Soldiers, engineers, trail bosses and other personnel prepare for the Army's Network Integration Evaluation (NIEs) at the Integration Motor Pool, located at Fort Bliss, Texas. At the Motor Pool, the Army's System of Systems Integration (SoSI) Directorate leads integration of network equipment onto various vehicle platforms, and validates system performance prior to the start of the evaluations. NIE 13.2, the service's fifth NIE slated for May 2013, will focus on continued solidification of the network baseline and be used to execute the Warfighter Information Network-Tactical (WIN-T) Increment 2 Follow-on Operational Test and Evaluation (FOT&E). (Photo credit: Travis McNiel, System of Systems Engineering & Integration (SoSE&I) Directorate)

    The office now shapes and analyzes near-term and long-term systems integration and architecture engineering across Army program portfolios. This will allow the Army to better communicate to industry and the research and development community how portfolios align and integrate over time, allowing for better planning of independent research and development (IR&D) resourcing.

    Using the SoS approach, SoSI is charged with synchronizing integration and interoperability across Program Executive Offices (PEOs) and Army PORs, current force systems and other doctrine, organization, training, leadership, personnel and facilities (DOTLPF) elements to achieve integrated capabilities for a full-spectrum force. SoSE plans, analyzes, organizes and integrates the capabilities of both new and existing systems into a SoS capability to achieve necessary end-to-end coordination and performance. The third major component of the organization, the Chief Information Officer (CIO) coordinates across PEOs and serves as conduit to G-6 in the transformation to deliver timely, trusted, and shared information across the ASA(ALT) community. The result is better collaboration and more efficient and effective cooperation to enhance our long-term planning objectives.

    Combining Engineering and Execution
    “You have SoSE, which is the engineering side, and you have SoSI, which is the execution side,” said Col. Rob Carpenter, SoSI Director. “SoSI implements the plans and architecture that have been put together by SoSE. We do everything from lab-based risk reduction, all the way to capability set fielding. SoSI did this before the organizations merged, but now our starting point is an architecture that’s been produced by SoSE. The biggest benefit is having a direct connection between a handoff of products between the engineering side and the integration side so we’re not duplicating any efforts.”

    By eliminating the duplication of requirements for PEOs, SoSE&I is reducing duplicate budget requirements, and creating efficiencies in design, operations, and sustainment that will result in lower costs to the Army, and creating specifications/standards to simplify integration.

    Consolidating the organizations created an optimum balance of personnel and resources, which in turn is enabling more effective communication with industry partners, both small and large, who participate in the Army’s Network Integration Evaluations (NIEs). SoSI is the Army’s materiel integrator and synchronizer in support of all phases of the Agile Process and the NIE. NIEs are now helping to shape “agile” capability integration by assessing Soldier provided and technical operational test data to influence not only how the Army procures capability, but also how integrated network capability requirements are validated and refined.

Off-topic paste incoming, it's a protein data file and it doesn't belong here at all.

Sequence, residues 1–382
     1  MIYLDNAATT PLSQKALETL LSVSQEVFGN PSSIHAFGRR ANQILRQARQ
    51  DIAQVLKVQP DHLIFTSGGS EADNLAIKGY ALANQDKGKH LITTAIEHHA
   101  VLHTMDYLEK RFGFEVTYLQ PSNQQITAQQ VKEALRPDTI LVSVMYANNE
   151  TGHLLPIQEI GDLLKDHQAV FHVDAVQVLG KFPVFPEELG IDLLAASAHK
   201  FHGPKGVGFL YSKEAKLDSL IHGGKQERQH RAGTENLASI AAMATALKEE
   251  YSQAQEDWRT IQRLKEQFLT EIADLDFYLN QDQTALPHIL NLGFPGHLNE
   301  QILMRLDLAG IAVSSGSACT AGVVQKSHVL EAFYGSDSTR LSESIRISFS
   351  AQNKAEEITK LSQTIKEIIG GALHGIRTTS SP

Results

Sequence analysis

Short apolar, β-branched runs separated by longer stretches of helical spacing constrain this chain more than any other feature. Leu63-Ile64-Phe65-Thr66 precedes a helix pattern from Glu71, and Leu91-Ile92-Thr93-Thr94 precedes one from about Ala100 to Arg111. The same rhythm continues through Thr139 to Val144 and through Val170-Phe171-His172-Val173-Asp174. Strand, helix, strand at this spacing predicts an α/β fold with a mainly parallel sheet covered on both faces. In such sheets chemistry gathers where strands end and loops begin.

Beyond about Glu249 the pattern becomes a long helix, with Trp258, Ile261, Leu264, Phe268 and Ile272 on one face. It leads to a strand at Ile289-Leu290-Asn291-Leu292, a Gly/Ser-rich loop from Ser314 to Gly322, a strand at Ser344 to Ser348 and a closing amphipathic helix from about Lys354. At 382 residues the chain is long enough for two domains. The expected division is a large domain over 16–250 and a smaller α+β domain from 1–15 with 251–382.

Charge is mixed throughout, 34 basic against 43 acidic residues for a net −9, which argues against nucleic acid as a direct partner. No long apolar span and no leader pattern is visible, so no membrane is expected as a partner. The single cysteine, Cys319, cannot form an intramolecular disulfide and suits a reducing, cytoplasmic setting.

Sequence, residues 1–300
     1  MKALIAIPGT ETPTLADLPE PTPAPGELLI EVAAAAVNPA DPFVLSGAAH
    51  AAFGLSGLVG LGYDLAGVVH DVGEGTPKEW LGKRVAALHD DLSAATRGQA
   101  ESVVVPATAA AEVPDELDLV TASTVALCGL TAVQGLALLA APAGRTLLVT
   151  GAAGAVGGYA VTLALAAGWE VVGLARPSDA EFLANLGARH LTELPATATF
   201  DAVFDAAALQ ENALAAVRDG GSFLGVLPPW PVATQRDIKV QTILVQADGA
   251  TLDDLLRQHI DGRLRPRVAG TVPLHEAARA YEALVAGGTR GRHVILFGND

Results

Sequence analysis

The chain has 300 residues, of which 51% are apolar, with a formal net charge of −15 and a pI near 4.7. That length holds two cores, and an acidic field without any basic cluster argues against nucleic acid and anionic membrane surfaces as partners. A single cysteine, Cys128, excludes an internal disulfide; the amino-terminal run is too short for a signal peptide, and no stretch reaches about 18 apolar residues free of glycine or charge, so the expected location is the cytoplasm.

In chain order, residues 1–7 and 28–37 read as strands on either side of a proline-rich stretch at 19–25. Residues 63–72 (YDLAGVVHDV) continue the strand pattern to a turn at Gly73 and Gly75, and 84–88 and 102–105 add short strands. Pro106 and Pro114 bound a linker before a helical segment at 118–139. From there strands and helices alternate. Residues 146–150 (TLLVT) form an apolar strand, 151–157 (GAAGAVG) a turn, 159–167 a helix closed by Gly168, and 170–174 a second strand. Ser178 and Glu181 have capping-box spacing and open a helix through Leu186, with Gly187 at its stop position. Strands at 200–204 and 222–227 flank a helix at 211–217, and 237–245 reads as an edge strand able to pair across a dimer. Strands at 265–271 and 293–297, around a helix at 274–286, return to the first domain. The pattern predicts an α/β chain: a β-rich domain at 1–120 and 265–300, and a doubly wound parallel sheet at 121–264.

In April/May, the Army will conduct its fifth NIE, known as NIE 13.2, to execute the Warfighter Information Network-Tactical (WIN-T) Increment 2 Follow-on Operational Test and Evaluation (FOT&E). WIN-T Increment 2 is the backbone of the Army’s tactical network, providing key Mission Command On-the-Move capability beyond what is available in today’s operational force. A positive FOT&E will solidify the network baseline and allow additional industry and government solutions to be integrated and evaluated as part of the Army tactical network.

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  • Common Operating Environment assists Army modernization

    A Soldier with 2nd Brigade, 1st Armored Division, demonstrates Warfighter Information Network-Tactical Increment 2 and mission command on the move applications at the Network Integration Evaluation 12.1 in October 2011. The next two Network Integration Evaluations at White Sands Missile Range, N.M., will help validate Mission Command and Common Operating Environment software. (Photo by U.S. Army)

    Kris Osborn


    WASHINGTON – As the Army matures its Agile Process, steps are being taken to align systems engineering and integration in an effort to project and synchronize trends in technology and standards across Army programs now and in the future. An outcome of this alignment is that the system of systems engineering community is now shaping the Army’s network infrastructure to be more capable and efficient, enabling industry to build devices and applications to standards and align research and development with the Army’s acquisition roadmap.